Cyano-archive : Cyanobacterial akinete survival and germination from northern Baltic Sea sediment

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http://urn.fi/URN:NBN:fi:hulib-202006052574
Title: Cyano-archive : Cyanobacterial akinete survival and germination from northern Baltic Sea sediment
Author: Wood, Steffaney
Contributor: University of Helsinki, Faculty of Agriculture and Forestry
Publisher: Helsingin yliopisto
Date: 2020
Language: eng
URI: http://urn.fi/URN:NBN:fi:hulib-202006052574
http://hdl.handle.net/10138/315850
Thesis level: master's thesis
Degree program: Mikrobiologian ja mikrobibiotekniikan maisteriohjelma
Master's Programme in Microbiology and Microbial Biotechnology
Magisterprogrammet i mikrobiologi och mikrobibioteknik
Specialisation: ei opintosuuntaa
no specialization
ingen studieinriktning
Abstract: Cyanobacteria of the order Nostocales, including Baltic Sea bloom-forming species Nodularia spumigena, Aphanizomenon flosaquae, Dolichospermum spp., produce resting stages, known as akinetes, under unfavorable conditions. These akinetes can persist in the sediment and germinate if favorable conditions return, simultaneously representing past blooms and possibly contributing to future bloom formation. The present study characterized cyanobacterial akinete survival, germination, and potential toxin production in 40-to-175- year-old brackish water sediment archives in order to understand historical bloom expansion, akinete persistence, and cyanobacteria life cycles in the northern Baltic Sea. Results showed that cyanobacterial akinetes can persist in and germinate from northern Baltic Sea sediment up to 424 and 174 years old, at coastal and open-sea locations respectively. Akinete abundance and viability decreased with age and depth of vertical sediment layers. Increases in sediment organic matter content and akinete abundance largely corresponded with the historical expansion of anthropogenic eutrophication-fueled blooms of cyanobacteria in the northern Baltic Sea, beginning in the mid-twentieth century. The detection of potential hepatotoxin production from akinetes and revived cultures was minimal and restricted to the coastal sediment core. Phylogenetic analysis of culturable cyanobacteria from the coastal sediment core indicated that the majority of strains likely belonged to benthic genera Anabaena. Findings also supported the notion that, in comparison with Nodularia and Aphanizomenon spp. akinetes, Anabaena/Dolichospermum spp. akinetes play a more significant role in their life cycle and bloom initiation strategies. Further research is recommended to accurately quantify akinetes and create a higher rate of toxin gene detection from brackish water sediment samples in order to further describe species-specific benthic archives of cyanobacteria. Overall, measuring cyanobacterial akinete abundance, germination experiments, and genetic methods can be effectively used to determine akinete persistence, viability, and potential toxin production in brackish water sediment samples. This study highlights the prolonged survival of cyanobacterial akinetes in northern Baltic Sea sediment samples, up to 174 years old.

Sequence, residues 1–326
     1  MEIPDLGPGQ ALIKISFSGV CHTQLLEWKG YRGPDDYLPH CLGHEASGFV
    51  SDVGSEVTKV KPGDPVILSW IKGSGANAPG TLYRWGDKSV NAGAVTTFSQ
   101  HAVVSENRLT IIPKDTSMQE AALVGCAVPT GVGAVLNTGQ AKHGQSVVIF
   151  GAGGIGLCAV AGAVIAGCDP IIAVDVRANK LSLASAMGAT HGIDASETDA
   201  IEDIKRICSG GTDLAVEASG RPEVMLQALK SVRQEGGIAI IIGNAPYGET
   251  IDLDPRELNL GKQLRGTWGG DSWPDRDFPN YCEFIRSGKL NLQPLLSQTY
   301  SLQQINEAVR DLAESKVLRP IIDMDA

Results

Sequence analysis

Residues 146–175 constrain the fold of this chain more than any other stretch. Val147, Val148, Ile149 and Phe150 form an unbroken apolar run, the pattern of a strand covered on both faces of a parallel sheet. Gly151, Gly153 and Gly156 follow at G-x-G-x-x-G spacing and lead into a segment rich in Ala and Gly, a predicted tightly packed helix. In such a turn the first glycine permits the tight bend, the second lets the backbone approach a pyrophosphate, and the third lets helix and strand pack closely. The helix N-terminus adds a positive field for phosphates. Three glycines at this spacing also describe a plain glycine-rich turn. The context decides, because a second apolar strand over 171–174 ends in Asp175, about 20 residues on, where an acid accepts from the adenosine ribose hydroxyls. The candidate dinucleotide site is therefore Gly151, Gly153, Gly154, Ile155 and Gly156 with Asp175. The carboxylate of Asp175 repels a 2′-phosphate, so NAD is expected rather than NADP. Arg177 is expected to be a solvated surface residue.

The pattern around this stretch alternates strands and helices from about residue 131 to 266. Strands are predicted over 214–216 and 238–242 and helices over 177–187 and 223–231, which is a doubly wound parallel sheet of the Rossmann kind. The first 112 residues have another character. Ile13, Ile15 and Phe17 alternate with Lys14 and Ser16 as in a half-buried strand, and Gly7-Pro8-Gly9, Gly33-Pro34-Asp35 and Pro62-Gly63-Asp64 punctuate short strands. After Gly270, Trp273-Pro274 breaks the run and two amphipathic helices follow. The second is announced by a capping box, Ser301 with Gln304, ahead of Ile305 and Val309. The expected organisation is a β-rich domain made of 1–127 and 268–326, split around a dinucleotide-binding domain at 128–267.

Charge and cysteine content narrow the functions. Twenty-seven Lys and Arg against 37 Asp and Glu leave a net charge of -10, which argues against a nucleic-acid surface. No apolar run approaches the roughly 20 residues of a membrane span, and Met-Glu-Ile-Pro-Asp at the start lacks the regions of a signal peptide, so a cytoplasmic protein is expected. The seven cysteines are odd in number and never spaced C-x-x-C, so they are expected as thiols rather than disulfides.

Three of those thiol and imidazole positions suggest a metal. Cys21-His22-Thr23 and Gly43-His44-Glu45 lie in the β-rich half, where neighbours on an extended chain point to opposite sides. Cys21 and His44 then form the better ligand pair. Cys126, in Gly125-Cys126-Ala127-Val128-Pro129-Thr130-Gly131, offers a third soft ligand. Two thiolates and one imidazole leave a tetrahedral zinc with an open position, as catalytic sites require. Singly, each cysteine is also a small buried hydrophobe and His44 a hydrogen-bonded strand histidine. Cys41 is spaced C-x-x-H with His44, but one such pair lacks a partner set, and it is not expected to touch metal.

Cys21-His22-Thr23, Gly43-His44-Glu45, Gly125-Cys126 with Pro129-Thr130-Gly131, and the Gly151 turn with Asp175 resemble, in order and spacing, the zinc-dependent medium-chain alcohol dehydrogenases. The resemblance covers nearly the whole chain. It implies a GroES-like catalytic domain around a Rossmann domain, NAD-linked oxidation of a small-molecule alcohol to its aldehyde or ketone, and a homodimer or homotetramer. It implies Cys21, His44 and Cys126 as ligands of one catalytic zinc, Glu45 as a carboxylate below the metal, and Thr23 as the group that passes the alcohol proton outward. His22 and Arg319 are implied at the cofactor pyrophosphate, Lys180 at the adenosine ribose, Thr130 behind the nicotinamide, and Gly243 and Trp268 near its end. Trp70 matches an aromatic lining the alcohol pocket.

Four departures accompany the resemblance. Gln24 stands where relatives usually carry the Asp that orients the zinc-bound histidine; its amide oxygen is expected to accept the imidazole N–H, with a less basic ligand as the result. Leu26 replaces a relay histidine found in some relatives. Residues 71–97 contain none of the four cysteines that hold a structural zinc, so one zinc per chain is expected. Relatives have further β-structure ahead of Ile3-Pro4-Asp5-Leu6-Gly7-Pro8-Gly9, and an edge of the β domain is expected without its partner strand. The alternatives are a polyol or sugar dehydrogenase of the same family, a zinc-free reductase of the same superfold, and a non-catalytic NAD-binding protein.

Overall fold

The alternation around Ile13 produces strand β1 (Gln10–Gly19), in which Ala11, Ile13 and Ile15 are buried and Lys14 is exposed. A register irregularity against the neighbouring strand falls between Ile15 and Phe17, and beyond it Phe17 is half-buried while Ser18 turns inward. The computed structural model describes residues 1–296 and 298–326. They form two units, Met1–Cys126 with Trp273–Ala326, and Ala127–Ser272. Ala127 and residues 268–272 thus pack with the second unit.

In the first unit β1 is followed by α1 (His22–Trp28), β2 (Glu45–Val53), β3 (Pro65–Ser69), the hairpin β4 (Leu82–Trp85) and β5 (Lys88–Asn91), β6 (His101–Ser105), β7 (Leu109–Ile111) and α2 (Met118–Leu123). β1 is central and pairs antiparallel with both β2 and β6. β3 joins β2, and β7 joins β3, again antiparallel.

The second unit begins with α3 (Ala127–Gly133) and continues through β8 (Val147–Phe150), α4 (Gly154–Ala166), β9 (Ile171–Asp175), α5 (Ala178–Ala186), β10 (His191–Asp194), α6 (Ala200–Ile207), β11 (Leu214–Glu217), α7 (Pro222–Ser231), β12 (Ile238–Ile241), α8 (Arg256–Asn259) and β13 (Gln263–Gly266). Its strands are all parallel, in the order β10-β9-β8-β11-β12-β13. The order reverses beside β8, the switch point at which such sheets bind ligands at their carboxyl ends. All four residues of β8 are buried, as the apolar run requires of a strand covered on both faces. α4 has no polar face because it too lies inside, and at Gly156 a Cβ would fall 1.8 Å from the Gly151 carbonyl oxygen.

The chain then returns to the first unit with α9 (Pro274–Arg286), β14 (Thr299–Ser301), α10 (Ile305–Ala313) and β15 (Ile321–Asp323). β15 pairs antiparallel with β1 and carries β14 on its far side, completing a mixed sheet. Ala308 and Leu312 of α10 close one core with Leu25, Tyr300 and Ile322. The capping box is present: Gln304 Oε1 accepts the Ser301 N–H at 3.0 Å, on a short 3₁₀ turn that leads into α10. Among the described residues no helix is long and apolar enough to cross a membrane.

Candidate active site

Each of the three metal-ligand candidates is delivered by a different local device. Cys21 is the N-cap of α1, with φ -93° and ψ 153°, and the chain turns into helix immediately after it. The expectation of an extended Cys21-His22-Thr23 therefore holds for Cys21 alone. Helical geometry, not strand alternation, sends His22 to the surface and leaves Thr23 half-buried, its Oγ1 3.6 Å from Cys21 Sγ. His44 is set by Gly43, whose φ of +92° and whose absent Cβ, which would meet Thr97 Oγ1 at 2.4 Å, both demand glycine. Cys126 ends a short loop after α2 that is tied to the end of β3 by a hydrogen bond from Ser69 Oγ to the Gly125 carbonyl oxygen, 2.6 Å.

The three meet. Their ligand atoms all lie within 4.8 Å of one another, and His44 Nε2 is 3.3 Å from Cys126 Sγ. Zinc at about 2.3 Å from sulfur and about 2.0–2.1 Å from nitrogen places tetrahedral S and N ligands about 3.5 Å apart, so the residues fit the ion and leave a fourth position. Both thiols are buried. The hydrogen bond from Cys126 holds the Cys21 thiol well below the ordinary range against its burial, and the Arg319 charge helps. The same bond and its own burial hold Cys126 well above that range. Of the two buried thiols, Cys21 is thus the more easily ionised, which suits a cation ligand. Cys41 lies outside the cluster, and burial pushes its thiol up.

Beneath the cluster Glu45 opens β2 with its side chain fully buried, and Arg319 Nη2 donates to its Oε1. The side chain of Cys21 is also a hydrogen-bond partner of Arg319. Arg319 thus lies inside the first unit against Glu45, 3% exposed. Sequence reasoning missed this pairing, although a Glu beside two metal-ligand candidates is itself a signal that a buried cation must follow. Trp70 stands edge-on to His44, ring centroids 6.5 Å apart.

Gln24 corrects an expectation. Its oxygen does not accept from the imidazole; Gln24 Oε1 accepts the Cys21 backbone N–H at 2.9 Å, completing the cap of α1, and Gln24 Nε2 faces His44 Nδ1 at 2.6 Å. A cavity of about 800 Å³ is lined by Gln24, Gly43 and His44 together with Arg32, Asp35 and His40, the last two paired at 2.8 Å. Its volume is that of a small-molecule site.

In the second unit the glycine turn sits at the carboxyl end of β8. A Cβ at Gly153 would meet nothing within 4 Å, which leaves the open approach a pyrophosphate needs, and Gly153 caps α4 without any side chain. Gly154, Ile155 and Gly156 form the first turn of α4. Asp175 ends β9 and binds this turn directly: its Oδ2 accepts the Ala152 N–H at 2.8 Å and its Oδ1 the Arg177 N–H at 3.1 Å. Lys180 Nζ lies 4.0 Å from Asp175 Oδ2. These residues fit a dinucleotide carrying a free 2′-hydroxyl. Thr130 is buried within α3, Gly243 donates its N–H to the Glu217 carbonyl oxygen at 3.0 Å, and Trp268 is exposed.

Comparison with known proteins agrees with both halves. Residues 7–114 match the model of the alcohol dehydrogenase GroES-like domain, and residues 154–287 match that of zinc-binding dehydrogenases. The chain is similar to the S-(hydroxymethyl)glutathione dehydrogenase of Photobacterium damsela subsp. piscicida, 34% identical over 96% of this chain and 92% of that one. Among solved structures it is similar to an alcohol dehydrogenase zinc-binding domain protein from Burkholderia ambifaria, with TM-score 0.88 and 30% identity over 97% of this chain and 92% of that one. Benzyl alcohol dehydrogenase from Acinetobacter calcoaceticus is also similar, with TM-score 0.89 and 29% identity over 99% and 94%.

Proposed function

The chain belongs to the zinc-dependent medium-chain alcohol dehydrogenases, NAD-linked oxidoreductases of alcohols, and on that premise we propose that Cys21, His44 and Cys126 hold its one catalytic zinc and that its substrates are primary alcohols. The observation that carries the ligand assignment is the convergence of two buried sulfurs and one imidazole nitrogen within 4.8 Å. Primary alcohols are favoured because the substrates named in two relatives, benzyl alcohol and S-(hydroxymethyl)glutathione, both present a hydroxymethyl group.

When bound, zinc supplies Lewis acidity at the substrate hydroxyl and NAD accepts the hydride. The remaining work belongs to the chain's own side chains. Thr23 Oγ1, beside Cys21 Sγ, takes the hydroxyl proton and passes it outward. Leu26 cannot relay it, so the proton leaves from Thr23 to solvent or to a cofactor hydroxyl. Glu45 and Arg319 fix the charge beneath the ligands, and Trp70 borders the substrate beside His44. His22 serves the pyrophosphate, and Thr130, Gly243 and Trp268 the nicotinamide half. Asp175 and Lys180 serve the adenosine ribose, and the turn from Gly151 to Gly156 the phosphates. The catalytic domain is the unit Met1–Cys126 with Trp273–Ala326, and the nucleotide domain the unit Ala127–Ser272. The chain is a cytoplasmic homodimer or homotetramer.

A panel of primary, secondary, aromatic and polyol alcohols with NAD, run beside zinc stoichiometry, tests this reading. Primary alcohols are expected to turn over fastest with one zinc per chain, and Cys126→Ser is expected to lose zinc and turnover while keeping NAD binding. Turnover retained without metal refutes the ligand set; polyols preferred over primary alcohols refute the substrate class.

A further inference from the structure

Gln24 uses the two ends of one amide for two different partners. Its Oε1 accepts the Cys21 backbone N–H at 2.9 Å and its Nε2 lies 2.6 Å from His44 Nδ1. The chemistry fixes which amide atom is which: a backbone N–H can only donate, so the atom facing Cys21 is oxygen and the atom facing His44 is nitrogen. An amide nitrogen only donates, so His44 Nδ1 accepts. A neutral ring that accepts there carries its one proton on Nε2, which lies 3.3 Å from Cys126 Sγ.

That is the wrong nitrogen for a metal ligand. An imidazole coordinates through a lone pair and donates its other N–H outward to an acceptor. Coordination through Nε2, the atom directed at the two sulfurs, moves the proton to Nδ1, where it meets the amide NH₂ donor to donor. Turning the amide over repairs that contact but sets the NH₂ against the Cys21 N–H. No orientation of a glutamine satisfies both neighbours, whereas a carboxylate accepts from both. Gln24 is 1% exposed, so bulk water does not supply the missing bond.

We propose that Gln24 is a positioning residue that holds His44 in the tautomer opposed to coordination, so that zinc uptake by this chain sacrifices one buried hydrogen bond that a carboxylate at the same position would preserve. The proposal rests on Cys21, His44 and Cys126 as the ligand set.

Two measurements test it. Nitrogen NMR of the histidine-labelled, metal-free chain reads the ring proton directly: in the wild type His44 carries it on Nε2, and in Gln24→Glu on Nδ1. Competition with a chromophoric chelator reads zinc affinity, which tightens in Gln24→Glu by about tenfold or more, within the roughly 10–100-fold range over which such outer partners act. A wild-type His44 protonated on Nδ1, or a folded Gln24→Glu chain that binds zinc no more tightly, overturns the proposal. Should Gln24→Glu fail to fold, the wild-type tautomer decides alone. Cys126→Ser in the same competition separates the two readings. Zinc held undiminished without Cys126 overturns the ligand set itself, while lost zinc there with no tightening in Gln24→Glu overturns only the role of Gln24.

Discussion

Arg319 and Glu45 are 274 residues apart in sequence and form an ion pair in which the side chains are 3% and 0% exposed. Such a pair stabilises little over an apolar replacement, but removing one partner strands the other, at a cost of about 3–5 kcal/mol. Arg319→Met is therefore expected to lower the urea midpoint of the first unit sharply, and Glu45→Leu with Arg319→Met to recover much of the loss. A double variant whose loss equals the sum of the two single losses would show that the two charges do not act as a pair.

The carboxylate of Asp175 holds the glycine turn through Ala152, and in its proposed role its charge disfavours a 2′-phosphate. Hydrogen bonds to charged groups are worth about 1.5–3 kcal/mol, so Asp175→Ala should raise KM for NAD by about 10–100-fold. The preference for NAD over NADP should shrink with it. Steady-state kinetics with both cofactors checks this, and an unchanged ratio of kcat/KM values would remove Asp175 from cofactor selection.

Subject: Cyanobacteria
resting stage
akinete
germination
northern Baltic Sea


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